. new 28 . 22 23 Fig. Mich. 20 . 29 Section Section B— Shelter checklist C— Suggestions for contracts 30 31 ' or from Larger scale drawings may be obtained through your local OCDM. for basement windows and walls . Battle Creek. . concrete 14— Aboveground.. 18— Underground. Fig.APPENDIX CONTENTS Page Section A— Construction Fig. 20— Basement. 13— Basement. 24 17— Alternate hatchway entrance shelter for the pre-shaped metal 25 concrete. Fig. 6 persons. concrete 15— Further drawings double-wall. civil defense organization. Fig. 6 persons. . Fig. crete shelter hatchway entrance 26 27 19— Alternate stairway entrance for the underground conbuilt into Fig. Fig. drawings for fallout shelters block. construction Fig. .wall shelter 16-Pre-shaped metal. & persons shelter. 6 with concrete roof and alternate wood roof block. 21— Shielding concrete. of double.. . stairway entrance . 6 persons ' 21 21 persons.

SECTION A ^ 2i .

22 .

.

^ 24 .

2J wa a she more mus she the ground or weight prevent of om lal :o 6'-0 the .

.

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o a 28 .

X w s z S o 6 E => o .z o lU 2 u< Z CO o ^o »- o < -I UJ 1% < U.

and spare batteries for 2-week operation Home use radiation meters. a minimum person) of 7 gal.SHELTER CHECKLIST Section B Food and cooking equipment: Water (2-week supply.) Covered pail for toilet purposes wastes (10-gal. electric lantern. for 2 and spare batteries weeks special Clothing Bedding (rubber sheeting and for the sick) equipment in A first-aid kit and supplies First Aid: listed OCDM Kit. 30 . or camp stove) and matches Home fire-fighting equipment Rescue tools Medical Publications: Any one of the following publications from a list provided by the Bureau of Health Education of the American Medical Association would be helpful when a physician is not available. and other household tools Games and amusements for children Items outside the shelter but within reach: Cooking equipment (canned heat. Leaflet L-2-12. and napkins (2-week supply) Openers for cans and bottles Pocket knife Special foods for babies and the sick Supplies and equipment for sanitation: Can for garbage (20-gal.) and DDT (1 qt. of 5% solution) Waterproof gloves Shelter equipment: Battery radio with CONELRAD frequencies (640 or 1240) marked. ordinary and waterless soap Grocery bags. newspapers for soU bags for Can human Toilet tissue. pliers. sanitary napkins.) paper towels. Emergency Emergency Action Writing material Reading material Screwdriver. per Food (2-week supply) Eating utensils Paper plates. disposable diapers. Household chlorine (2 pt. cups. when available Flashlights.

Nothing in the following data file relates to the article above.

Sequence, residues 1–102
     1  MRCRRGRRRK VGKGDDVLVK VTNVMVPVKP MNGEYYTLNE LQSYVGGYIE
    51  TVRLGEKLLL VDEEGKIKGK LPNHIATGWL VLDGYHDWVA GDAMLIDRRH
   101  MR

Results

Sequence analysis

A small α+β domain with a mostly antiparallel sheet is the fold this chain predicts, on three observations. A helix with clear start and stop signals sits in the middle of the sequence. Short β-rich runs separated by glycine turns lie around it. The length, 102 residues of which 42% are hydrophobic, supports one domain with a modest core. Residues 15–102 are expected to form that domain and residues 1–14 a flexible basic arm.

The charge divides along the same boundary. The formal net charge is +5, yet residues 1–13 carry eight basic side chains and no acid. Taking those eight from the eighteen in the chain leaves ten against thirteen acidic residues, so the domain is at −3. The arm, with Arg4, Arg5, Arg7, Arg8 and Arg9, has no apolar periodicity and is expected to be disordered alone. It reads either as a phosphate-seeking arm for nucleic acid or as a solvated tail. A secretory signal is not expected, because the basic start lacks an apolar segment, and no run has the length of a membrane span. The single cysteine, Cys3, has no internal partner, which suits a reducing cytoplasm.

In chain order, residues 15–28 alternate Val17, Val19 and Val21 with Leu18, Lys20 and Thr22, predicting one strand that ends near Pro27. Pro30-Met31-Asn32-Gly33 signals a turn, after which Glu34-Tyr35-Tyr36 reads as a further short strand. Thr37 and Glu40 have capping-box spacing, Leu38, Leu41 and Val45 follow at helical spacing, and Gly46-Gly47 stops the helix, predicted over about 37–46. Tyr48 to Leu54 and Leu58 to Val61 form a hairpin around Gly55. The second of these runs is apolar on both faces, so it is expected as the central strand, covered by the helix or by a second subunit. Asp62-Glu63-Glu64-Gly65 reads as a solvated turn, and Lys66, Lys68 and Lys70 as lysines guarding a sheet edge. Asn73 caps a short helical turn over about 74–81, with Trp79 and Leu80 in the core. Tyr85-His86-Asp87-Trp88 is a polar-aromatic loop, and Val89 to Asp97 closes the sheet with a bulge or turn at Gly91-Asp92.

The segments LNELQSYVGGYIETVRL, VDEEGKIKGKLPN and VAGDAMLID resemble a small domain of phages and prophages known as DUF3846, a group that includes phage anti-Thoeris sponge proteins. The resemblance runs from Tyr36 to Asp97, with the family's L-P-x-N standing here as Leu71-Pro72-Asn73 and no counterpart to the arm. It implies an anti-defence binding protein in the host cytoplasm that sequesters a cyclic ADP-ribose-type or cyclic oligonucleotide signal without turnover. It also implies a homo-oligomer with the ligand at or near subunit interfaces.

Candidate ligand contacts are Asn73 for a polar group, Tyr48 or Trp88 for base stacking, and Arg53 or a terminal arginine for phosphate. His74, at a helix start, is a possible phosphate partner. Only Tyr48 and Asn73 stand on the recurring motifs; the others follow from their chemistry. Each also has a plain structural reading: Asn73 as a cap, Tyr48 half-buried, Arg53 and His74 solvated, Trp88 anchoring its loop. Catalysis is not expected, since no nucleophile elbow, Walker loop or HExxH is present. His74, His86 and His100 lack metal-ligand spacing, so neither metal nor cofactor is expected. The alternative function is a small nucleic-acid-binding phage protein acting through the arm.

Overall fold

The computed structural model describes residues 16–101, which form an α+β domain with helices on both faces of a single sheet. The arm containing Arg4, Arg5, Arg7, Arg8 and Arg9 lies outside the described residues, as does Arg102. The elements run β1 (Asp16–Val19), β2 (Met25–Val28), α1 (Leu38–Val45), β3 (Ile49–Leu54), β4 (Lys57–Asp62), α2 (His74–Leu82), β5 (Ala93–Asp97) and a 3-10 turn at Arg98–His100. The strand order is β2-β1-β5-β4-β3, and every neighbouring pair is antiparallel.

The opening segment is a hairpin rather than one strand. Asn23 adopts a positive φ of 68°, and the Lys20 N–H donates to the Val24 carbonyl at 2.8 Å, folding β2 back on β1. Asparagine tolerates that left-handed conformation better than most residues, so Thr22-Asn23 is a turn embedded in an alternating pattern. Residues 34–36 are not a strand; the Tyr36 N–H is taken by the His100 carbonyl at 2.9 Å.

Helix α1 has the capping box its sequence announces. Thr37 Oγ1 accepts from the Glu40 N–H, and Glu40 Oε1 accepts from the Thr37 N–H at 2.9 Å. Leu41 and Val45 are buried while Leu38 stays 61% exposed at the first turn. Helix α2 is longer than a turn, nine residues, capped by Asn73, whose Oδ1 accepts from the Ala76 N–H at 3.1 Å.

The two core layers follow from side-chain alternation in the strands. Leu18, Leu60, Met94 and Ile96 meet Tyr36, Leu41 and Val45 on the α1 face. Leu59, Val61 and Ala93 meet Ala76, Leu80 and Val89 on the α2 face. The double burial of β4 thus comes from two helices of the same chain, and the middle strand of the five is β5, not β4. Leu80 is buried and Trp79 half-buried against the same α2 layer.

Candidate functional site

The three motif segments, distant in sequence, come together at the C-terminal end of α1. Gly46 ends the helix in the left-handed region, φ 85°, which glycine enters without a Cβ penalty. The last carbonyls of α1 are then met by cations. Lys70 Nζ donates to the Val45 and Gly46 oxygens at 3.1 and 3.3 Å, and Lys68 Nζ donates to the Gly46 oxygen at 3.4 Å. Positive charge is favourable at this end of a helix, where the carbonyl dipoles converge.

Ventilation. $3. Elsevier Press. 1. underground or outdo 2. Book of Health: "A Medical Encyclopedia for Everyone. Concrete strength and reinforcement.. Waterproofing. Inc.50. 145 pp. 498 pp. Washington 25. 768 pp. 402 Lovett Boulevard. ton Texas.D. Ship's Medicine Chest and First Aid at Sea. U. 31 ." Randolph Lee Clark. M. Chicago. Drainage from area around shelters. Public Health Service and War Shipping Administration.. Doors or hatches. $2. Cloth. Hous6. 6. illustrated. Superintendent of Documents. William Bolton.D. U. 4... 5. Reilly & Lee Co. Cloth. 3.What To Do Until the Doctor Comes. 325 West Huron St.. SUGGESTIONS FOR CONTRACTS Section C Following is a quick checklist of items to discuss with contractor during negotiations: 1.S.S. M. 111.C. Government Printing Office. D. Protection against cave-in excavations.400 illustrations.. $10..